The major finding of this study was that bedtime administration of gabapentin significantly delayed the onset of relapse (defined as the duration of time to the first heavy drinking episode) in alcohol-dependent patients selected for clinical insomnia at both 6 and 12 weeks. Complete and continuous abstinence from any drinking was not associated with treatment group, but the proportion of subjects that relapsed to heavy drinking was smaller in the gabapentin vs. placebo group at both 6 and 12 weeks. Thus, gabapentin had a positive effect on relapse prevention during the 6 weeks of its administration, which persisted for another 6 weeks after its treatment ended.
A second important finding was that all subjects reported improved sleep during the 6-week trial. Contrary to expectation, gabapentin did not improve SPQ sleep scores any more than placebo did during the 6 weeks of its administration. Moreover, PSG-measured sleep parameters did not show improvement from baseline to 3 weeks in either treatment group. SWS or delta sleep describes the stages of sleep (Stages 3 and 4 combined) that characterize the deepest and potentially most refreshing sleep. Although gabapentin may increase SWS% in some populations (Bazil et al., 2005
; Foldvary-Schaefer et al., 2002
; Garcia-Borreguero et al., 2002
; Legros and Bazil, 2003
; Rao et al., 1988
) during equivalent time frames, it had no significant effect on SWS% in this short-term study of alcohol-dependent individuals with insomnia.
One difference in sleep between the two treatment groups, although not significant (p=.07) was notable because of its moderate ES
(.54). After discontinuation of study medication the gabapentin group had worse sleep (PSG scores) than the placebo group. The relative worsening of sleep after stopping gabapentin is suggestive of either withdrawal or a return to insomnia. Insomnia has been described in one case series as a gabapentin-related withdrawal symptom (Cora-Locatelli et al., 1998
) and also in an 81-year-old patient after a 1-week gabapentin taper (Tran et al., 2005
), but 6 weeks of persisting insomnia as a withdrawal symptom from gabapentin has not been reported previously (Norton, 2001
). Thus, a return to co-occurring insomnia seems more likely as an explanation.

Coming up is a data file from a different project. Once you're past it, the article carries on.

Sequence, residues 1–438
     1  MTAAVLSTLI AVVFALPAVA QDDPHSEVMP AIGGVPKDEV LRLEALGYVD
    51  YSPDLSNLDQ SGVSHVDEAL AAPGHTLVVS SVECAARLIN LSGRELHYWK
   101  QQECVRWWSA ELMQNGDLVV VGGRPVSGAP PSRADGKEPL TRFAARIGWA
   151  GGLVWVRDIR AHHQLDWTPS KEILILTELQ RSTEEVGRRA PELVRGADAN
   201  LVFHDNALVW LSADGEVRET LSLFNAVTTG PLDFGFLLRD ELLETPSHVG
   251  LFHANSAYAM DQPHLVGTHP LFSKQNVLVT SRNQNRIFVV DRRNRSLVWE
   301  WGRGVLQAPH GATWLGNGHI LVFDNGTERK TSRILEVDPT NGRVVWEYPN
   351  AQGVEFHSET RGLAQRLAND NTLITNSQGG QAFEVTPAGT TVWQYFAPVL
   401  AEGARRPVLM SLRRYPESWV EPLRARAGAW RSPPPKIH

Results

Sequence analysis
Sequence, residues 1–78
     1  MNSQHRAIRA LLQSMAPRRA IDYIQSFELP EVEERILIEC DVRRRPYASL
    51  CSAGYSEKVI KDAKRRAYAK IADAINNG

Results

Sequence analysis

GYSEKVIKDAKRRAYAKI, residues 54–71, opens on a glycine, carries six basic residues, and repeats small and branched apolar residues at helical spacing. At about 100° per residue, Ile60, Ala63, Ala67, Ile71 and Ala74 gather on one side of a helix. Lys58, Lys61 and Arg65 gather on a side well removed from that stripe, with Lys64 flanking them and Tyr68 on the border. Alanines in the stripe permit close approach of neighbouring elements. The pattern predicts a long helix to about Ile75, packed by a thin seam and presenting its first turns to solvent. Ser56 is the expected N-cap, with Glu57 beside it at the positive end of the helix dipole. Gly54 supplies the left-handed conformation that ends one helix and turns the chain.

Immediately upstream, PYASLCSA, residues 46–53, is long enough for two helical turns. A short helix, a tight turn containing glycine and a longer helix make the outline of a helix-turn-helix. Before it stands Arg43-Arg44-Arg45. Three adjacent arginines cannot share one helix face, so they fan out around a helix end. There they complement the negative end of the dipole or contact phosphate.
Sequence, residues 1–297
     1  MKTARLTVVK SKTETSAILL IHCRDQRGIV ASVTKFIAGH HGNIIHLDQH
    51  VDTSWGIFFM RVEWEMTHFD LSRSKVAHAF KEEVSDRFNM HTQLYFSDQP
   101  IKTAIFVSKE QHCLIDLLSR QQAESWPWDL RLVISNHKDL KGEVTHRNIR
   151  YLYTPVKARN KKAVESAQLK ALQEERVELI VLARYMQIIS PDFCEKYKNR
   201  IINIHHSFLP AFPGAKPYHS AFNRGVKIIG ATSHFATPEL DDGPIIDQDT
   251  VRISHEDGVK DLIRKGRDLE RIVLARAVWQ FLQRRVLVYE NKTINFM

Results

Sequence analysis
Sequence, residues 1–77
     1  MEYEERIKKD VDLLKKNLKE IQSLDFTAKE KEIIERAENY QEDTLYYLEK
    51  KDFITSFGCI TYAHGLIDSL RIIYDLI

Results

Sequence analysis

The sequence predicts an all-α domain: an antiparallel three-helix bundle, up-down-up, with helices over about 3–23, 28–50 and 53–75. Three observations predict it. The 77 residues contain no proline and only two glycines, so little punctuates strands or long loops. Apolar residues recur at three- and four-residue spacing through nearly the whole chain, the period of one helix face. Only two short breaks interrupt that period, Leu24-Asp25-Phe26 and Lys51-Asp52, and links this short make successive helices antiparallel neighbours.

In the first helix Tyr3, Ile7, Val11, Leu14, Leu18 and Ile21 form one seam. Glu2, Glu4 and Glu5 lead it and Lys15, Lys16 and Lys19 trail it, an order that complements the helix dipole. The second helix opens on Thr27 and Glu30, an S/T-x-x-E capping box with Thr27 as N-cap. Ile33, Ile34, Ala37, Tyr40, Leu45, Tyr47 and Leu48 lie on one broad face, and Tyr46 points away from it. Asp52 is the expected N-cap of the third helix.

The last major finding was that the participants which relapsed to heavy drinking during the 6-week trial had less improvement in insomnia than those that did not. This was an association and no inferences about causation can be made. Moreover, we did not find evidence that gabapentin’s positive effect on preventing relapse was mediated by its effects on sleep, since placebo-treated subjects also had improved sleep. Nevertheless, gabapentin, which is short-acting and administered three to four times daily to treat epilepsy and neuropathic pain, was taken in this study only at bedtime. Efficacy with once nightly administration is a practical advantage since somnolence is a common side effect of gabapentin as it was in this study (Beydoun et al., 1995
). Efficacy with once nightly administration may also have theoretical implications; because the mechanism by which gabapentin prevented relapse began during the nighttime without an obvious effect on sleep and then persisted during the day. This suggests some longer-acting neuronmodulator effect, rather than a shorter-acting effect on sleep. In other words, gabapentin may exert a nocturnal effect that improves drinking outcomes via a physiological mechanism not measured in this study.
A discrepancy between subjective and objective sleep results deserves mention. At baseline both treatment groups overestimated SOL and underestimated WASO compared to PSG values (). A similar discrepancy was noted by Currie et al., 2004b
) and was predictive of relapse in our sample independent of treatment group (Conroy et al., 2006
). The lack of differential improvement between treatment groups in PSG-recorded WASO during the first 6 weeks may reflect the short-acting nature of gabapentin, resulting in minimal impact on nocturnal awakenings.
This is the first controlled trial to investigate the efficacy of gabapentin to improve sleep in alcohol-dependent patients. It is also the first controlled study to investigate gabapentin’s efficacy to prevent relapse to heavy drinking after the acute alcohol withdrawal phase has passed. By contrast, studies of gabapentin to treat acute alcohol withdrawal reveal mixed results (Bonnet et al., 2003